ii. Contact off-site experts where available to enquire about potential local sources of future taxonomists
|Lack of access to modern technologies in amphibian rich regions||i. Enlist local institutions willing to share existing technologies (e.g. molecular laboratories in academic and health care institutions)
ii. Invite new institutions with the ability to house new technologies to partner up with institutions where these technologies are already available and create agreements to facilitate cooperation between them
|i. Identify and contact institutions with existing facilities and those able to house and maintain modern equipment
ii. Identify funding mechanisms to facilitate transfer of technologies between existing and potential laboratories with modern technologies
|Insufficient capacity to keep up with level of taxonomic flux||Develop funds to allow for extinction risk assessments of species with taxonomic changes||Identify and approach sources of funding that would be amenable to specifically fund extinction risk assessments resulting from taxonomic flux|
|Lack of coordination between taxonomy and conservation communities||Establish communication channels between both communities and encourage collaborative projects||i. ASA to lead in the identification and contact of proactive and communicative members in both taxonomy and conservation communities who would be willing to act as focal points/moderators for these communities, create an online network and invite members of both communities to join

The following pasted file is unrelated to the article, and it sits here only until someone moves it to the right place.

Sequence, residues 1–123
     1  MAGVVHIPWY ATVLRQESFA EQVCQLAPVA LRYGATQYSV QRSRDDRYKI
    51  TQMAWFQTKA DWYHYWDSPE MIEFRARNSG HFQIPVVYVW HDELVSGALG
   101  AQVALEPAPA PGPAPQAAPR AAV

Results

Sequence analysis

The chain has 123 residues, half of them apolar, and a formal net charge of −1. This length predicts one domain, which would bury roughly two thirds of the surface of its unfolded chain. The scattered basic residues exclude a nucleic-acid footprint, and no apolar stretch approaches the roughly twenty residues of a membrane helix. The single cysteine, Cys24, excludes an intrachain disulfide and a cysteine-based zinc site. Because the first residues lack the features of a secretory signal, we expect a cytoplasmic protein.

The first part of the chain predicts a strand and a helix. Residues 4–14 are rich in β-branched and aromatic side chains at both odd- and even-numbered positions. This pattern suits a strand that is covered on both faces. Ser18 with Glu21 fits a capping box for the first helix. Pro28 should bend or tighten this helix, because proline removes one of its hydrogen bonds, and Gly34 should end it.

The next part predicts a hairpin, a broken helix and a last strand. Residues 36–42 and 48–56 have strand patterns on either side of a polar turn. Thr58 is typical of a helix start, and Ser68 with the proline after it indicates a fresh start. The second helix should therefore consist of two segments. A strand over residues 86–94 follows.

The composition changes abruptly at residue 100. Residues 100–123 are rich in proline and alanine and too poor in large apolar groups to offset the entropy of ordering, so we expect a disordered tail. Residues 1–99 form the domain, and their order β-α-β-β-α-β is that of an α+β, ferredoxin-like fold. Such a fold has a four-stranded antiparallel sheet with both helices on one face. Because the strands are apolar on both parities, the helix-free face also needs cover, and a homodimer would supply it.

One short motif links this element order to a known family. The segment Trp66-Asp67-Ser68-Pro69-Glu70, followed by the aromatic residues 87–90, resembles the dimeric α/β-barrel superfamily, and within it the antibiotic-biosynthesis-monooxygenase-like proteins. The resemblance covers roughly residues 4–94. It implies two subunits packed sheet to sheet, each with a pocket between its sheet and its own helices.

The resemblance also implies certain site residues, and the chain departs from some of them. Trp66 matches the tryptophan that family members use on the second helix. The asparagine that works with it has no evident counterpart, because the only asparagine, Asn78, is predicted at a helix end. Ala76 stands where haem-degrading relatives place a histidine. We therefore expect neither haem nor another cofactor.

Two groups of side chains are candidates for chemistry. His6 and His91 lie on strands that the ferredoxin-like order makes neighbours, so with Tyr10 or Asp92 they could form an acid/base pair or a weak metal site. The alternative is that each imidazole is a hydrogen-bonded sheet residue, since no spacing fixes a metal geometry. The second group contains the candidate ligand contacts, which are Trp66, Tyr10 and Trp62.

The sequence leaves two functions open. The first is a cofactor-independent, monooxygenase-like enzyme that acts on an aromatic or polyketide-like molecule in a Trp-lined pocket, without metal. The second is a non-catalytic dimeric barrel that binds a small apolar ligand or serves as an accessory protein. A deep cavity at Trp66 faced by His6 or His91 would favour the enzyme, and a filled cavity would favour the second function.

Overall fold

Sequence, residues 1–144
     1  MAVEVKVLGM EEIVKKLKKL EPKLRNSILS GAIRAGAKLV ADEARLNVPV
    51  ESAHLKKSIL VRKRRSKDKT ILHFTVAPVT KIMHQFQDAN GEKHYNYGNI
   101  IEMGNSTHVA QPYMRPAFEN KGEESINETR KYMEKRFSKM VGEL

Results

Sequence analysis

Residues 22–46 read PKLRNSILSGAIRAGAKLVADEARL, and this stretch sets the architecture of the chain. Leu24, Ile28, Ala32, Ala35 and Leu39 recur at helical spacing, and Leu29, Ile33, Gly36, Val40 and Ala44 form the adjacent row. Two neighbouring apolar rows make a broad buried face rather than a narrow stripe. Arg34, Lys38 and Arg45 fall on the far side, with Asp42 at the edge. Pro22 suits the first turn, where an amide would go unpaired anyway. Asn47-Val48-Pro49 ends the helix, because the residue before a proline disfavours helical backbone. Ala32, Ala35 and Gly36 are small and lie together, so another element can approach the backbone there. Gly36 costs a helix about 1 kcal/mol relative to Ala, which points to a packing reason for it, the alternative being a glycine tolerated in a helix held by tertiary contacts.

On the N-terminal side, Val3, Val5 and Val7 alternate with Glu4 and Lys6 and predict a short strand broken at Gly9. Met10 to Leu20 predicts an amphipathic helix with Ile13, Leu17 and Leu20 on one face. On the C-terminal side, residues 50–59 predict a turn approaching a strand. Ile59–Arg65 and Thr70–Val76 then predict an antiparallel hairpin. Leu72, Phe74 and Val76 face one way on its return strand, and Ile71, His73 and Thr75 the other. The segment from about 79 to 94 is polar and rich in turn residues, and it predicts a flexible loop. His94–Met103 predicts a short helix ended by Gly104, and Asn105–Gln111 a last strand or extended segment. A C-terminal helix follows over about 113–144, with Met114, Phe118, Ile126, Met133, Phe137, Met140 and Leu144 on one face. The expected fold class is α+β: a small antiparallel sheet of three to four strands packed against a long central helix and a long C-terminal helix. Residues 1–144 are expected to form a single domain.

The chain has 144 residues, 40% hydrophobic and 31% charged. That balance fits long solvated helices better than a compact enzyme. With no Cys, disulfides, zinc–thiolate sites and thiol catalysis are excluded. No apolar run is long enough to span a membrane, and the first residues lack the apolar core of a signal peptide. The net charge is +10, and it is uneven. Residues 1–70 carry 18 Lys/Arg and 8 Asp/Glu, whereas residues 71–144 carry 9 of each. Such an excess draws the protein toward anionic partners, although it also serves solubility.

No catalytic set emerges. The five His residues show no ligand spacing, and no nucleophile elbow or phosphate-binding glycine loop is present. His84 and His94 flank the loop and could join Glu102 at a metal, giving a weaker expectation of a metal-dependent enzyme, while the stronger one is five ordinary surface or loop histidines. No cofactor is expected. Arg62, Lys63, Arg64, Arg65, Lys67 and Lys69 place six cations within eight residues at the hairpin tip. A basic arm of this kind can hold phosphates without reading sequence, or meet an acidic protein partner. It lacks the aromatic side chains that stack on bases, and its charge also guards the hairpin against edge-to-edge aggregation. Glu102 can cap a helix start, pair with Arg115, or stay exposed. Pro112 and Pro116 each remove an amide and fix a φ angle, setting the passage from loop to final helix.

ii. Seek to increase ASG membership with taxonomic expertise
|Taxonomic uncertainty precluding conservation action||Increasing awareness of the need for conservation action in spite of taxonomic uncertainty, whilst not denying the importance of taxonomy in the long term||Identify cases of taxonomic uncertainty (this could be done at a regional level)|
|Legislation hampering the use of modern technologies (stringent requirements to access “genetic resources”)||Where possible, work with authorities to change attitudes and eventually legislation||i. Identify receptive and responsive relevant authorities in amphibian rich countries where legislation may be an issue in the use of modern technologies